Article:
VOLUNTEERS PREPARE MEALS FOR LOW-INCOME SENIORS

Cathy Kelly, above center, and Patty Farmer, Christ the King parishioners and volunteers with Holy Grounds, the cafe at the Catholic Pastoral Center, prepare lunches to be delivered to residents of Chippington Towers in Madison, a housing complex for low-income senior citizens. Photo by Theresa Laurence

On a recent Thursday morning, while most people were still enjoying coffee and breakfast, volunteers from the Diocese of Nashville were preparing and packing up lunch and dinner meals of soup and sandwiches to be delivered to the residents of Chippington Towers in Madison, an apartment complex for low-income senior citizens.
 
Right now, volunteers gather on Thursday mornings to prepare 20 meals in the commercial kitchen at the Catholic Pastoral Center.
 
“We’ve been doing this for a few months, we wanted to start small and manageable,” said Valerie Cooper, who just retired from her position as a case instructor for the diocesan Tribunal Office.
 
Cooper had the idea to deliver meals and recruited friends from her parish, Christ the King, to help make the lunches, pack the boxes, and deliver the meals. Cathy Kelly and Patty Farmer work alongside Cooper Thursday mornings, with assistance from Kassie Hackler, who manages Holy Grounds, the breakfast and lunch café for Catholic Pastoral Center employees.
 
The diocese funds the meal delivery program through the Bishop’s Annual Appeal for Ministries.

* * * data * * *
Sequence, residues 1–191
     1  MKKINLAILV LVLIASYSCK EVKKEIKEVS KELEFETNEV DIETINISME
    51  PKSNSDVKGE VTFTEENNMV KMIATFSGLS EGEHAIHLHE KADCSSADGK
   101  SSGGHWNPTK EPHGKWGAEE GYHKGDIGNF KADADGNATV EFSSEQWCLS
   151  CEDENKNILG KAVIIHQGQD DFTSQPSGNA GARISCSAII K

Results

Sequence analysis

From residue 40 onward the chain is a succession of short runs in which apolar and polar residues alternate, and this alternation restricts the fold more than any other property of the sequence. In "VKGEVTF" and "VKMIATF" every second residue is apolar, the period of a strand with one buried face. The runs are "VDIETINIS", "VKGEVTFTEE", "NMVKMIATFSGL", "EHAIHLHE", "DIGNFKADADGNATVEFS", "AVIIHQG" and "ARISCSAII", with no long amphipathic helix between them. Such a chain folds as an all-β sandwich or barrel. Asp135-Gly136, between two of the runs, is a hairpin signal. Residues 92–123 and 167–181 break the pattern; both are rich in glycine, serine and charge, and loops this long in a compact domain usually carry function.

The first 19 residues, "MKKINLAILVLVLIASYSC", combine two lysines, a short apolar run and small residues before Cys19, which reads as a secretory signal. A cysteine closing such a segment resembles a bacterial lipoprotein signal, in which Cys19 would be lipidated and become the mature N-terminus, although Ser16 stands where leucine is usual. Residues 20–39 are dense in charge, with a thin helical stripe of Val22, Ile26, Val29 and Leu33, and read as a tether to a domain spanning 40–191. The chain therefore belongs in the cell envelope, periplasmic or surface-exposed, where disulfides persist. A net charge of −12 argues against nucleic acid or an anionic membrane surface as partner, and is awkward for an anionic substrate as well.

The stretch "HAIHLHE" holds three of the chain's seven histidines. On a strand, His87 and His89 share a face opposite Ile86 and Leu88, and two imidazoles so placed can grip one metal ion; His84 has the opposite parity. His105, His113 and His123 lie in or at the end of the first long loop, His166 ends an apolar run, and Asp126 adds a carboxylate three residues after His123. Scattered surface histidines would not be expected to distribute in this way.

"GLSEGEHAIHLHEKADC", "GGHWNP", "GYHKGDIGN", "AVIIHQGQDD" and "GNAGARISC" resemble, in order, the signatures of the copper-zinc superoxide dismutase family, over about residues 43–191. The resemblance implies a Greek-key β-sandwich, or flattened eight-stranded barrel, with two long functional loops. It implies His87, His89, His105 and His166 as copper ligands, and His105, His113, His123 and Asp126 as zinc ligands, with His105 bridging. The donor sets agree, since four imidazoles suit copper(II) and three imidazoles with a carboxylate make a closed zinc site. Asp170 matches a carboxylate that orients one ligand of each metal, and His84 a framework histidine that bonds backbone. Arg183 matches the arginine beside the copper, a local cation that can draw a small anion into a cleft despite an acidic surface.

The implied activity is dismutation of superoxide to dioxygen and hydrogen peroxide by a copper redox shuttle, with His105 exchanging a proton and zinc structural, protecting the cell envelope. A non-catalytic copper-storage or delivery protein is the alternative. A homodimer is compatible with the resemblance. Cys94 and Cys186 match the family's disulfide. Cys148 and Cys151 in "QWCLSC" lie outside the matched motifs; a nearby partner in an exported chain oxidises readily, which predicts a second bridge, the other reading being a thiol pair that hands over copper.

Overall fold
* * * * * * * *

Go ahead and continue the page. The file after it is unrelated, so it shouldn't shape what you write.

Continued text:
In the new year, as Cooper steps away from her position with the Tribunal, she will continue to volunteer with the meal program and look at ways to expand it. “We’ll be looking to identify other communities that might need something like this,” said Cooper. “The focus is to reach out.”
 
Cooper identified Chippington Towers, located in Madison behind St. Joseph Church and School, since it was fairly close to the Catholic Pastoral Center and had a senior population in need. Residents currently receive Meals on Wheels deliveries, but a volunteer at the complex helped identify 20 people who could use an additional meal. Each box is labeled for a specific apartment number so the people most in need will be sure to receive their meal.
 
“There’s a lot of programs out there, but people fall through the cracks,” said Cooper. She and her fellow volunteers know this small meal delivery effort won’t patch all the cracks, but they are happy to help do what they can.
 
“We’re not helping all of Nashville, but we’re hoping to help a small part of Nashville,” said Farmer.
 
Those interested in volunteering can contact Cooper at valerielcooper@gmail.com.